The Perfume Diary, Week 1: Nasomatto’s Duro
This scent is a story without an ending. Or I suppose it’s more accurate to say that, hard as I try, I cannot extend a single inhalation quite long enough to find the end. It is a loose string that I pull and pull — first sweetness and leather, then wood, and then it crescendos in a mix of things I am not yet trained to recognize, a beautiful chaos. It takes five long seconds, easily, to realize the full extent of it.
I’ve long been obsessed with perfume for reasons I can’t really explain. I think it may have started in my adolescence when I began to swim competitively and I noticed the strange alertness and increased heart rate that always, without fail, accompanied the smell of chlorine, as if my sense of smell were somehow manipulating my muscle memory and nervous system. One whiff and my body still knows: it’s go time. And in truth that has played out in countless ways over the years. Whether scents were ambient and accidental or deliberately applied to my person, I have been fascinated by the strange way a smell can segment a personal history into chapters. Since we often don’t notice the scents around us in the moment, and since they somehow only gain meaning in retrospect, we are doomed, in a way, to suffer wistful nostalgia for bygone eras at the hands of our noses. Our sense of smell is most attuned not to the familiar and everyday, but to the lives we no longer live — the places we were and the humans we loved and the people we wanted in that moment to be.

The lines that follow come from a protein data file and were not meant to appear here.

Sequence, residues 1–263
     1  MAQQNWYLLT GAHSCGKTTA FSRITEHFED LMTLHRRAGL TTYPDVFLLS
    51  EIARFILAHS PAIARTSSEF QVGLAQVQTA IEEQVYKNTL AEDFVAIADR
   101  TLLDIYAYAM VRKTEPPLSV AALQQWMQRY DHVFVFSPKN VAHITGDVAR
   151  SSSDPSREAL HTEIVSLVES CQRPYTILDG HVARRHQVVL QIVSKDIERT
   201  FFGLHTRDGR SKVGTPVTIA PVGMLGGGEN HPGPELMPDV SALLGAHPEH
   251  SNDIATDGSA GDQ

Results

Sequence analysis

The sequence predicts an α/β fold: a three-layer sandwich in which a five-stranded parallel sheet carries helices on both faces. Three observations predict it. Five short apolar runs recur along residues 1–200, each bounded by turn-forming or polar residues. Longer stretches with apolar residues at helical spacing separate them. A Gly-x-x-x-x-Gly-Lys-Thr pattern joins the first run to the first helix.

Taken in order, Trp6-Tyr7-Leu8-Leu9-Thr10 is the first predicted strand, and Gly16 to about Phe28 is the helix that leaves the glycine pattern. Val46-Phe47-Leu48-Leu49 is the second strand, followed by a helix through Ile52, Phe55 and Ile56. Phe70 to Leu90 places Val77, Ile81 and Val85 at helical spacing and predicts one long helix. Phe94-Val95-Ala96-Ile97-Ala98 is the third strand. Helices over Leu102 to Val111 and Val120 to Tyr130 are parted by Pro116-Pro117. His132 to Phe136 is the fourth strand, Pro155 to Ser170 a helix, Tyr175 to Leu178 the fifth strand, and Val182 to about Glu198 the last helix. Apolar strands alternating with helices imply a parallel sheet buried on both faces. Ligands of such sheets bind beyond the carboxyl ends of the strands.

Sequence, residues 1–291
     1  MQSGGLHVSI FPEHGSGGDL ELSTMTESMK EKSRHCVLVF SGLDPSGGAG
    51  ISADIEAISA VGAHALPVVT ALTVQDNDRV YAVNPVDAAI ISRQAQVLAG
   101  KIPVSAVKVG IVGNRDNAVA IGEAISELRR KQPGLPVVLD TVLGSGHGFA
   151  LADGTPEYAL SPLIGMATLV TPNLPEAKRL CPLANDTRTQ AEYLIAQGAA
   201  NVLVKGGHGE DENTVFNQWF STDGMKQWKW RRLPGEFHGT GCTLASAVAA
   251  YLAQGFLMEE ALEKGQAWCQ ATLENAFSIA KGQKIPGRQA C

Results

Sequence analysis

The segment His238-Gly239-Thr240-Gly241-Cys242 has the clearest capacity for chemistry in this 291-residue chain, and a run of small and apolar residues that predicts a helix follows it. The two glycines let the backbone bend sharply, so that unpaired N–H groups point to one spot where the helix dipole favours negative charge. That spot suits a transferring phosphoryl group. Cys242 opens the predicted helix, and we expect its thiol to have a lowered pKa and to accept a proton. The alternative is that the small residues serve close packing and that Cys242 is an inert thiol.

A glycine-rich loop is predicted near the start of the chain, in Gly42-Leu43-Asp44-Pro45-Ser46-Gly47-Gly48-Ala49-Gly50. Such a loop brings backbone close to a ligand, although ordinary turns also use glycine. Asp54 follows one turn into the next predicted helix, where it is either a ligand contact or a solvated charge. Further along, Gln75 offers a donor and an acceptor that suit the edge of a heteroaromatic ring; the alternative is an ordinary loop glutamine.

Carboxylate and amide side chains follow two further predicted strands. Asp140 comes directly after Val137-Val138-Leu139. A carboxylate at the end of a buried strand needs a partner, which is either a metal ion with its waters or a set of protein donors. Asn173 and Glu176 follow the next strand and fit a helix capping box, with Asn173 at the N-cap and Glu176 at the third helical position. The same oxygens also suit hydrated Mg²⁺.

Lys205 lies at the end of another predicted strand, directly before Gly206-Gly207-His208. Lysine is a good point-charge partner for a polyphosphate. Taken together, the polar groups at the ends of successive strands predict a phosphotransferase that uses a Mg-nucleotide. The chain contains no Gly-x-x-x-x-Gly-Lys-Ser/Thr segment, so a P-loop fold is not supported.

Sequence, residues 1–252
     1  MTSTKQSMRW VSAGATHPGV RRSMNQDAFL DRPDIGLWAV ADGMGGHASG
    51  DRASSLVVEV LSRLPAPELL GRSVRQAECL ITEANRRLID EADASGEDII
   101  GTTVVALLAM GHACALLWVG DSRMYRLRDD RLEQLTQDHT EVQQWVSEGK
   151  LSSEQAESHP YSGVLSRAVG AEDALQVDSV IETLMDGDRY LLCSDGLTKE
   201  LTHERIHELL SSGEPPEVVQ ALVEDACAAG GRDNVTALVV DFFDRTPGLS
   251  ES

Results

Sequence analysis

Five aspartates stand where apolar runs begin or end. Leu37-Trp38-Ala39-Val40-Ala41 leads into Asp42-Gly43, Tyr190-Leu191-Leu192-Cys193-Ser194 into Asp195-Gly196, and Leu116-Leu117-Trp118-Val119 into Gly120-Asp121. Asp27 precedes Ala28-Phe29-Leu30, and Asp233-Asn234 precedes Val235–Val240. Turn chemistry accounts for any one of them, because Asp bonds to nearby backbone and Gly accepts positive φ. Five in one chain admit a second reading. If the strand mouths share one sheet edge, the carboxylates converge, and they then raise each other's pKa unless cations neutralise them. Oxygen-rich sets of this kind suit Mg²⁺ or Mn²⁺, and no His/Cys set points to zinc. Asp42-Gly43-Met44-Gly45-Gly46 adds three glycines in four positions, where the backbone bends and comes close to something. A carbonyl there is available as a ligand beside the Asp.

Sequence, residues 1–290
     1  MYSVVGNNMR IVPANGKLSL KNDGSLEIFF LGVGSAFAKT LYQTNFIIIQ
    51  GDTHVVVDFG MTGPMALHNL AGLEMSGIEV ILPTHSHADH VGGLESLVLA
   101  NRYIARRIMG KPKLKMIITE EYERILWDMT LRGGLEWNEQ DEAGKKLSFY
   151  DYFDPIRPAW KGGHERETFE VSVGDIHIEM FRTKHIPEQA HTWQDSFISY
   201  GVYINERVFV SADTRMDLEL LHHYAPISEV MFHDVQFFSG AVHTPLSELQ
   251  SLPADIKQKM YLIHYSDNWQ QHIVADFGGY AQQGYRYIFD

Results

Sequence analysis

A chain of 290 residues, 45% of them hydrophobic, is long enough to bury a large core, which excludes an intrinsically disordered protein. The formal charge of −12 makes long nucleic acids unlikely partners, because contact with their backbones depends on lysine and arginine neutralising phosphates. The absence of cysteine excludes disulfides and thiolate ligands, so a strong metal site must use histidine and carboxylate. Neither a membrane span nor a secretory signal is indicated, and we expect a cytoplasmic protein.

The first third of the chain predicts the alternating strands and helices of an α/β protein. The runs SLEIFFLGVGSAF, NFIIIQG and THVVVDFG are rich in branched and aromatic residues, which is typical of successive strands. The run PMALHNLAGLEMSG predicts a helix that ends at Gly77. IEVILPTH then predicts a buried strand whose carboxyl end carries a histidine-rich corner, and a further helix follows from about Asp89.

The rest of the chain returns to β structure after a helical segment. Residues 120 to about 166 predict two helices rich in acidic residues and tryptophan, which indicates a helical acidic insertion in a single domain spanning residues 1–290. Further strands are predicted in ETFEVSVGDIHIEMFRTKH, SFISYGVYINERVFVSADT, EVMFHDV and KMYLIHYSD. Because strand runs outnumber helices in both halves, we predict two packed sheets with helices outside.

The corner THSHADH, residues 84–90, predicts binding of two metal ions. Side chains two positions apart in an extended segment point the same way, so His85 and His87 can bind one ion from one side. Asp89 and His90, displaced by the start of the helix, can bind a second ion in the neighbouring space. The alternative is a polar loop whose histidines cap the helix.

Because scent is more closely tied to memory than any other sense, scents can get you closer to time travel than anything else out there. Hence, roses bring my grandmother back to life, blown out candles will always take me back to church, and olives reacquaint me with a childhood friend who smelled inexplicably of them. And I find it exceedingly hard to rewrite these memories when I find myself face to face with the same scent again. No matter how many friends of mine choose to wear some newly en vogue rose scent, my grandmother cannot be unseated. She looms large in my imagination.
I’d like to try this little experiment, in which I wear one new perfume for a full week, for every week of this year, and record how it makes me feel, how it exaggerates my awareness of the life I’m living now, and how it takes me back to the lives I no longer live. It’s sure to be at times exasperatingly sentimental, and for that I apologize in advance. But I wonder if there’s a way to turn smell into some sort of language that helps me to better grasp the things I’m living through right now — you know, the important things, the things that are just as fleeting as a perfumed stranger. My hope is that this approach will at least cure me of my professed inability to maintain a journal.